One camp believed the vaccines gave enough protection for life to return to its pre-pandemic state. The other thought the risk was still too high to do away with mandatory masking and other measures.
As in other towns, schools became a flashpoint. When in-person classes returned last year, Oak Park Elementary School District 97 required children to wear masks during recess and eat lunch with a minimum of chatter.
The policies are stricter than those of other districts, but spokeswoman Amanda Siegfried said the schools haven’t received a cascade of complaints. The outdoor masking rule was lifted last week, and contrary to what some parents contend, “silent lunch” was never the rule, she said.
Stephanie Harris was one of the Facebook group members advocating for more relaxed policies, but she said her contributions weren’t always posted. Other times, she said, fellow commenters falsely labeled her as anti-vaccine or anti-mask.
“What happened was the noise of the conflict became louder for a lot of people than the useful debate,” she said. “Certain members of the group became very hostile to any views that were not advocating for extreme, conservative mitigations.”
Conversely, Dr. Robin Kalish, a pediatrician, said she felt compelled to push back on what she regarded as misinformation within the group.
“(Many) people stated that after vaccines other mitigations were no longer needed, which we saw was clearly not the case with omicron,” she said.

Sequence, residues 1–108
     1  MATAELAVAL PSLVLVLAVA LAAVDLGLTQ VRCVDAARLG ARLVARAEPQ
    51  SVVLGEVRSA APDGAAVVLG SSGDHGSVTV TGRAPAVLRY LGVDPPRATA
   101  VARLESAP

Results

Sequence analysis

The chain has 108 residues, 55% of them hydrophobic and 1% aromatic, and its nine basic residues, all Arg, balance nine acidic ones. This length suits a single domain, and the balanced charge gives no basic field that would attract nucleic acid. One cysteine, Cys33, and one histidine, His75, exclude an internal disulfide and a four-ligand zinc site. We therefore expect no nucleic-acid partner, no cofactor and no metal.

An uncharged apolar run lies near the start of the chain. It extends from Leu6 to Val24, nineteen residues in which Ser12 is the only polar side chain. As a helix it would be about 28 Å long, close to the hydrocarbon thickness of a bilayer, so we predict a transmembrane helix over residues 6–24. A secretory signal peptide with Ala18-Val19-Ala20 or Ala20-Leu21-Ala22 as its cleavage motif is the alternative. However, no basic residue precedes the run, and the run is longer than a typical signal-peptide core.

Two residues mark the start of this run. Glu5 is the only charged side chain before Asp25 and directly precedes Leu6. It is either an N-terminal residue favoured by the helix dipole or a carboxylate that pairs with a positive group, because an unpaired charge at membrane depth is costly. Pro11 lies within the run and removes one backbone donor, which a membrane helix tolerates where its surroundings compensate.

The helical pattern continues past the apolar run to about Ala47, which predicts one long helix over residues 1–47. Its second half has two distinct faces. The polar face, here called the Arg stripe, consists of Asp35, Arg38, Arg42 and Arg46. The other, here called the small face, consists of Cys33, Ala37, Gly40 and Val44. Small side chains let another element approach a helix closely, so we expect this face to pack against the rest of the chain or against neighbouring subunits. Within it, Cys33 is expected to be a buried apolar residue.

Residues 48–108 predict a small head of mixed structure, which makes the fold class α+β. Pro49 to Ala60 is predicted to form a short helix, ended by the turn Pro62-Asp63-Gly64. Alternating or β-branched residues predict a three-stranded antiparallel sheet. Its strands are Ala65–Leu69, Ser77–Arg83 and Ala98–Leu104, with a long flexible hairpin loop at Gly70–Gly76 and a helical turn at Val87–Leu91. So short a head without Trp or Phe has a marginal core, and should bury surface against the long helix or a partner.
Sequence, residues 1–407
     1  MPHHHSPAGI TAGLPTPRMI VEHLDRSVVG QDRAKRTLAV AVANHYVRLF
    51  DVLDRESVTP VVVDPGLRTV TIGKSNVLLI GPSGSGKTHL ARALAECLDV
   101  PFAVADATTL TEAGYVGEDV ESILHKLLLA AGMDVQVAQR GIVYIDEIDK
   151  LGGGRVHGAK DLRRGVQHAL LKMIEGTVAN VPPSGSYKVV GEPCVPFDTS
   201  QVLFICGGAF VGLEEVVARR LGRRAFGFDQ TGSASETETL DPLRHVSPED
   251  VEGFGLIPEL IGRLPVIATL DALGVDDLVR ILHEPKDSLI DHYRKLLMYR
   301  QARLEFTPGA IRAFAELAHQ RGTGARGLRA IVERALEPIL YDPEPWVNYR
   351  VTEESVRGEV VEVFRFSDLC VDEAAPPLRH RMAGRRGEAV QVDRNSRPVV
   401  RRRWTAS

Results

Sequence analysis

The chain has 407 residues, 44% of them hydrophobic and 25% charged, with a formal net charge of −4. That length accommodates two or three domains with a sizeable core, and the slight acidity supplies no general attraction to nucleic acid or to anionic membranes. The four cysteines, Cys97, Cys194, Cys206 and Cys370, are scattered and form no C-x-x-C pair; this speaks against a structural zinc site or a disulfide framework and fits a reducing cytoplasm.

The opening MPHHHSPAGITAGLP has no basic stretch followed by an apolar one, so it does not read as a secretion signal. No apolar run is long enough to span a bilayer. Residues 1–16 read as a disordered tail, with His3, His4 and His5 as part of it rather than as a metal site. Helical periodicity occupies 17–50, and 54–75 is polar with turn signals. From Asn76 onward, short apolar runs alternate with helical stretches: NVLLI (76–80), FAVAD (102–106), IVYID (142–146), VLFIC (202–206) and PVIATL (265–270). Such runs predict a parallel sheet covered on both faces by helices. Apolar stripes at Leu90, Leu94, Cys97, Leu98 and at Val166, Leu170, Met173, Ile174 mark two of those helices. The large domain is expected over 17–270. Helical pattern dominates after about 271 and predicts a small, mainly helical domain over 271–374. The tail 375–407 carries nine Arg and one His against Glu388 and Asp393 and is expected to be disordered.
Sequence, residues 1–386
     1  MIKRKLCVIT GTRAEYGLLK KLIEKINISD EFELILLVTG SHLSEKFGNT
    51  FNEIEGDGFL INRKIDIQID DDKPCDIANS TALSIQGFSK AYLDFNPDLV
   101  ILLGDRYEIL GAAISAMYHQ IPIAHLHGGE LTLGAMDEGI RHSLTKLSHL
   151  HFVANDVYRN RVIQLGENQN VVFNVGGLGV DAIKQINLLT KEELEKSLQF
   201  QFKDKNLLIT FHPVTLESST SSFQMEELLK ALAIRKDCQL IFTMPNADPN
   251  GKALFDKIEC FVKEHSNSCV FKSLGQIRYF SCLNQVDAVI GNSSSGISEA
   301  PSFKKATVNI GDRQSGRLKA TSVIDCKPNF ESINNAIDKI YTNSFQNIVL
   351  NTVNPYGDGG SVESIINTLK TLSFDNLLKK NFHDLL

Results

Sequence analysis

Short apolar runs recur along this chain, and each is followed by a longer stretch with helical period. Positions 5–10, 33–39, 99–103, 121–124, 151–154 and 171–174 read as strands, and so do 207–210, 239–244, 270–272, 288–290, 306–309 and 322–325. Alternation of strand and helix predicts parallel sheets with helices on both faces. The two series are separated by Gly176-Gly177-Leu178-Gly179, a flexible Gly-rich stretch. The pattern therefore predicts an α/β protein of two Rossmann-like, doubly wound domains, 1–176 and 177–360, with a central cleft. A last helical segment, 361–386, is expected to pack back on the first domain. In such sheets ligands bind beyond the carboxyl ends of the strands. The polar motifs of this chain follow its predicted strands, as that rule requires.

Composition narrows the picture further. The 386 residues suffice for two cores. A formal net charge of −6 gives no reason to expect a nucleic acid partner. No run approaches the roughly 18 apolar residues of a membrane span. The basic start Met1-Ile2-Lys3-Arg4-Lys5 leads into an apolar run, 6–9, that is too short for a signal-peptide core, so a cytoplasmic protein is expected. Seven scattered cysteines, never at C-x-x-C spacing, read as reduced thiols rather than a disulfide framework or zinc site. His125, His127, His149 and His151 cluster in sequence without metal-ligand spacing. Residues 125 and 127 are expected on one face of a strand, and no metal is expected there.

Vanderberg stepped away from the group last summer, turning it over to fellow administrators when his views on reopening diverged from the more cautious majority opinion.
“I just got very frustrated,” he said. “It became evident that they’ve kind of been coming along with me because I was originally saying the things that they wanted to hear, but when I followed the data and the science toward more opening up, they weren’t ready to go along with me.”
He started another Facebook group a few months ago with a pointed name: Oak Park Back to Normal. It has around 340 members so far and a more activist bent, with numerous posts agitating for District 97 to eliminate its indoor mask mandate.
Siegfried said that policy will continue for the time being, but the village of Oak Park will lift its mask and proof of vaccination mandates Monday, thanks to new guidance from the Centers for Disease Control and Prevention that puts Cook County at the lowest risk level.
Still, the pandemic has had several false dawns, and Akhtar said the original Facebook group, which remains archived online, can always resume if circumstances change.
“We served a really great purpose to be completely neutral — that repository of basic information,” she said.
Some participants are sorry the group has ended. Meyerson, who sparred with other commenters over the village’s short-lived ban on extracurricular school activities in December, said he thought disagreements were hashed out in good faith.
“Certainly in the thick of the pandemic, about a year ago, it was a very, very useful resource and I’m tremendously grateful to the people who founded and moderated it,” he said. “It was an example in its prime of Facebook at its best.”
Twitter @JohnKeilman
Copyright © 2022, Chicago Tribune